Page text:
July 15.2004 1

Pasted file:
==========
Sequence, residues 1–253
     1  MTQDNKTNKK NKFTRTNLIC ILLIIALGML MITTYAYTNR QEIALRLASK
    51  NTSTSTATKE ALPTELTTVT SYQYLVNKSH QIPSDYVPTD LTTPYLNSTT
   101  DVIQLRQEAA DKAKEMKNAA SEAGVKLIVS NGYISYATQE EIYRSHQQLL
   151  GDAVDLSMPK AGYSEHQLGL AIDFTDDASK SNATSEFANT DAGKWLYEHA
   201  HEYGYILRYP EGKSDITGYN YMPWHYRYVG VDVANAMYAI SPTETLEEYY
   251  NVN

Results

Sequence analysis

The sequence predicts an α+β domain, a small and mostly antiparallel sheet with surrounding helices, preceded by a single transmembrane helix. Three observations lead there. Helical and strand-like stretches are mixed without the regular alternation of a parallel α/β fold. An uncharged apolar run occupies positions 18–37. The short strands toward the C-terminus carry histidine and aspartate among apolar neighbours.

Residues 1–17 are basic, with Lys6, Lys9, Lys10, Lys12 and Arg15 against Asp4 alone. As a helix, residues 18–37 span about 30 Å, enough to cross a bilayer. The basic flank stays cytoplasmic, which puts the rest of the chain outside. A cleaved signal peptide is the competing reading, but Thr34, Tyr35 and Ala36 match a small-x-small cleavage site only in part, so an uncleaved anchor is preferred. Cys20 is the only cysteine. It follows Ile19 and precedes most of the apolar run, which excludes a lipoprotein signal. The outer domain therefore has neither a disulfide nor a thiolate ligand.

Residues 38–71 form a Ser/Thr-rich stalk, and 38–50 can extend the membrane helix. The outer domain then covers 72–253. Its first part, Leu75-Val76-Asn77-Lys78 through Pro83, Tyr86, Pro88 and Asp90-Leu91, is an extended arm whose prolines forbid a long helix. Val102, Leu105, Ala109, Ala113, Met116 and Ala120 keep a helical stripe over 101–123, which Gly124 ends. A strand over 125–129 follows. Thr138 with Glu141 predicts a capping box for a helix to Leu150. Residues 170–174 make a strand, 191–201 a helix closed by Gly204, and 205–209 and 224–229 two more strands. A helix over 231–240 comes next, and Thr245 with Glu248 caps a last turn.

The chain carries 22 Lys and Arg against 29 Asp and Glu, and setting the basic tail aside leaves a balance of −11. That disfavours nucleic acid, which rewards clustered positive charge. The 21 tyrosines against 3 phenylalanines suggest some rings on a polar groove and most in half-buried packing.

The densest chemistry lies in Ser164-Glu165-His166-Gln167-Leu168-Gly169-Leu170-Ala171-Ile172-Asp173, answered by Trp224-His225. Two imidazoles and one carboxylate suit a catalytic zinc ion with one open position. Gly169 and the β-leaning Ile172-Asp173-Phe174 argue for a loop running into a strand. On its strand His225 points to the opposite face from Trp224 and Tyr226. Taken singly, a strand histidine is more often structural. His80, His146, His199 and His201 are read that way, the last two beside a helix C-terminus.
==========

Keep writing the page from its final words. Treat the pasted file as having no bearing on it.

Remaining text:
MINISKILL I have always been a fan of Stewart James' magic. I have performed his "Miraskill" for years and consider it a classic. What I have done here is to eliminate the need to palm any cards as none are added to the deck for the repeat. In this version of the classic Miraskill effect, it is performed three times in a row. Before each phase, write a prediction. All three predictions are totally different and at no time are there any cards added or taken away from the deck. This routine is performed with a fifty-card deck. Remove two red-suited cards and place them into the cardcase. The rest of the deck is set up from the back down: Forty-four cards are arranged with the colors alternating, black - red - black - red - etc.; below these alternating cards are four black cards followed by two red cards on the bottom. Thus, the deck contains fifty cards. Begin the routine with the deck face up and explain that, in a moment, they will take cards off the top of the deck in pairs. If the pair contains two red-faced cards, they will go into one pile. If both cards are black, they go into a second pile and if the pair consists of a red and a black card, they go into a third, discard pile. While explaining the rules, illustrate with the cards at the face of the deck. Upon completing this explanation, replace these cards in their original order back on the face of the deck. Turn the deck face down and table it. Have your helper cut off about half the deck. Pick up the rest of the cards and cut the back card to the face. Now. as you explain that they are to shuffle their cards, illustrate this by doing the following: Get the deck into Overhand Shuffle position, with the faces to the left. Shuffle three cards from the face into your left hand, note the color of the first - the bottom card. Throw the rest of the deck onto these cards and table the deck face down. Now, write a prediction based on the card you just spotted. If this card was black, write. "The red and black piles will have an equal number of cards." If the spotted card was red, write. "The black pile will contain one more card than the red pile." After your helper shuffles his packet, he turns the cards face up and takes them in pairs and forms three piles. If the spectator cuts off an odd number of cards, the final single card is placed on the packet of that color. Have the red and black piles counted and your prediction read. Ask your helper to square up these cards. He then cuts off another group of cards from the tabled-packet and adds them to those he just used. Explain that he is to shuffle his cards, and illustrate by taking the balance of the deck and give it a legitimate shuffle, shuffling the back card to the face. Place the deck on the table and glimpse the face card. If this card is black, write the prediction. "The red pile will have two more cards than the black pile." If the glimpsed card was red, then write, "The red pile will have one more card than the black pile." Have him go through the dealing and then check your prediction. When he has finished, have him add the rest of the cards to his; he will now do the dealing with all the cards.